Change Said the sun to the moon, You cannot stay. Change Says the moon to the waters, All is flowing. Change Says the fields to the grass, Seed-time and harvest, Chaff and grain. You must change said, Said the worm to the bud, Though not to a rose, Petals fade That wings may rise Borne on the wind. You are changing said death to the maiden, your wan face To memory, to beauty. Are you ready to change? Says the thought to the heart, to let her pass All your life long For the unknown, the unborn In the alchemy Of the world's dream? You will change, says the stars to the sun, Says the night to the stars.

  2. Sonnet 123: No, Time, Thou Shalt Not Boast That I Do Change

    No, Time, thou shalt not boast that I do change. Thy pyramids built up with newer might To me are nothing novel, nothing strange; They are but dressings of a former sight. Our dates are brief, and therefore we admire What thou dost foist upon us that is old, And rather make them born to our desire Than think that we before have heard them told. Thy registers and thee I both defy, Not wond'ring at the present, nor the past, For thy records, and what we see doth lie, Made more or less by thy continual haste: This I do vow and this shall ever be: I will be true despite thy scythe and thee.

  3. Change

    Changed? Yes, I will confess it – I have changed. I do not love you in the old fond way. I am your friend still – time has not estranged One kindly feeling of that vanished day. But the bright glamour which made life a dream, The rapture of that time, its sweet content, Like visions of a sleeper’s brain they seem – And yet I cannot tell you how they went. Why do you gaze with such accusing eyes Upon me, dear? It is so very strange That hearts, like all things underneath God’s skies, Should sometimes feel the influence of change? The birds, the flowers, the foliage of the trees, The stars which seem so fixed, and so sublime, Vast continents, and the eternal seas, - All these do change, with ever-changing time. The face our mirror shows us year on year Is not the same; our dearest aim, or need, Our lightest thought, or feeling hope, or fear, All, all the law of alternation heed. How can we ask the human heart to stay, Content with fancies of Youth’s earliest hours? The year outgrows the violets of May, Although, maybe, there are no fairer flowers. And life may hold no sweeter love than this, Which lies so cold, so voiceless, and so dumb, And will I miss it, dear? Why, yes, we miss The violets always – till the roses come!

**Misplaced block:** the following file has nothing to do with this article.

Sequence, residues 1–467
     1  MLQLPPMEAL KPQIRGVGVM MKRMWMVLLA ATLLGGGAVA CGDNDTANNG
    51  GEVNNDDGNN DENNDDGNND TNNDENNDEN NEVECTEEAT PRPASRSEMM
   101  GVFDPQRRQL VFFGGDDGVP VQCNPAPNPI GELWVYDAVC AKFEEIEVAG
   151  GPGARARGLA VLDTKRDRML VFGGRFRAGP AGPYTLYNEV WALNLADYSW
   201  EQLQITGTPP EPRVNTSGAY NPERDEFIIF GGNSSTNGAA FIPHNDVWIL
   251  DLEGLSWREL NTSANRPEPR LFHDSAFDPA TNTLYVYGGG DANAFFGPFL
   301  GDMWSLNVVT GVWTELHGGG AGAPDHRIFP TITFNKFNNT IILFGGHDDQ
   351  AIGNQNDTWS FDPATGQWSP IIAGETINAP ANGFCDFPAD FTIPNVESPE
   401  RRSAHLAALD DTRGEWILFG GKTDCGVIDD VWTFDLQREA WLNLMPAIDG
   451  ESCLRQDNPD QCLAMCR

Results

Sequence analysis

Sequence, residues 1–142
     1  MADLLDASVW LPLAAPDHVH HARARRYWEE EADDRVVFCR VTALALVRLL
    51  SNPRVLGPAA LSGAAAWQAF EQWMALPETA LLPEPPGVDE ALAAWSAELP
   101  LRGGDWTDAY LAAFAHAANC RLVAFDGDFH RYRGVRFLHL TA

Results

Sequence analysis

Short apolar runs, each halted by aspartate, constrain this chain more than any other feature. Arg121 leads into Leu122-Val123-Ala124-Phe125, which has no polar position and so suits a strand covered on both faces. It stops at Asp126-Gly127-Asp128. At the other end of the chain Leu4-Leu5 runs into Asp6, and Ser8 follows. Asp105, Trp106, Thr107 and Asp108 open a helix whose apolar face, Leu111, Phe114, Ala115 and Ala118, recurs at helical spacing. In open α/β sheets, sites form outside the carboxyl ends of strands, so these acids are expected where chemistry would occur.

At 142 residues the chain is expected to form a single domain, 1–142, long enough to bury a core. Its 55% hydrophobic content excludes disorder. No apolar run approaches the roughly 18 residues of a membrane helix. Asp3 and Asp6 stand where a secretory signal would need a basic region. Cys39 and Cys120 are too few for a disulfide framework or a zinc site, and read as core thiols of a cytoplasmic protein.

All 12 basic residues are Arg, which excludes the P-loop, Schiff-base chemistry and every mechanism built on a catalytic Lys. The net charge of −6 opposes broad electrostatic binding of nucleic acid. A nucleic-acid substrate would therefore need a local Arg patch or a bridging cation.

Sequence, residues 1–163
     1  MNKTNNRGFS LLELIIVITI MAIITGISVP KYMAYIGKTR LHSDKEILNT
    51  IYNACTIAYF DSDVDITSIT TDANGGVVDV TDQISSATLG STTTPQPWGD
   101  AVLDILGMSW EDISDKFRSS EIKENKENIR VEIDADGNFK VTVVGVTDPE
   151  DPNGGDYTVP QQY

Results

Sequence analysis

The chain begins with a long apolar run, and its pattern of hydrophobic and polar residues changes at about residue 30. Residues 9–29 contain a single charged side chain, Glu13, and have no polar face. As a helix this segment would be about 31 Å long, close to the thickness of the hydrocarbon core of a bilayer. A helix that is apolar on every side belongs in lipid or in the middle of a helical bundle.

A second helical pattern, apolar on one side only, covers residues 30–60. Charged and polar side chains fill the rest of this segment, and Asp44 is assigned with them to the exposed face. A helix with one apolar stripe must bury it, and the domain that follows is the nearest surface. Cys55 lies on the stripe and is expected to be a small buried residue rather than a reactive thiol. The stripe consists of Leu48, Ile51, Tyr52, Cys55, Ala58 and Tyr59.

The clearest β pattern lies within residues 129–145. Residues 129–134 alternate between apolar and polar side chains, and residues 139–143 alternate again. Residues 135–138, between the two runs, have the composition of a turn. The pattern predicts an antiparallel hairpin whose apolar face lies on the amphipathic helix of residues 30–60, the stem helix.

4. A Change Of Menu

    Now the new chum loaded his three-nought-three, It's a small-bore gun, but his hopes were big. "I am fed to the teeth with old ewe," said he, "And I might be able to shoot a pig." And he trusted more to his nose than ear To give him warning when pigs were near. Out of his lair in the lignum dark. Where the wild duck nests and the bilbie digs, With a whoof and a snort and a kind of bark There rose the father of all the pigs: And a tiger would have walked wide of him As he stropped his tusks on a leaning limb. Then the new chum's three-nought-three gave tongue Like a popgun fired in an opera bouffe: But a pig that was old when the world was young Is near as possible bullet-proof. (The more you shoot him the less he dies, Unless you catch him between the eyes.) So the new chum saw it was up to him To become extinct if he stopped to shoot; So he made a leap for a gidgee limb While the tusker narrowly missed his boot. Then he found a fork, where he swayed in air As he gripped the boughs like a native bear. The pig sat silent and gaunt and grim To wait and wait till his foe should fall: For night and day were the same to him, And home was any old place at all. "I must wait," said he, "till this sportsman drops; I could use his boots for a pair of strops." The crows that watch from the distant blue Came down to see what it all might mean; An eaglehawk and a cockatoo Bestowed their patronage on the scene. Till a far-off boundary rider said "I must have a look -- there is something dead." Now the new chum sits at his Christmas fare Of a dried-up chop from a tough old ewe. Says he, "It's better than native bear And nearly as tender as kangaroo. An emu's egg I can masticate, But pork," says he, "is the thing I hate."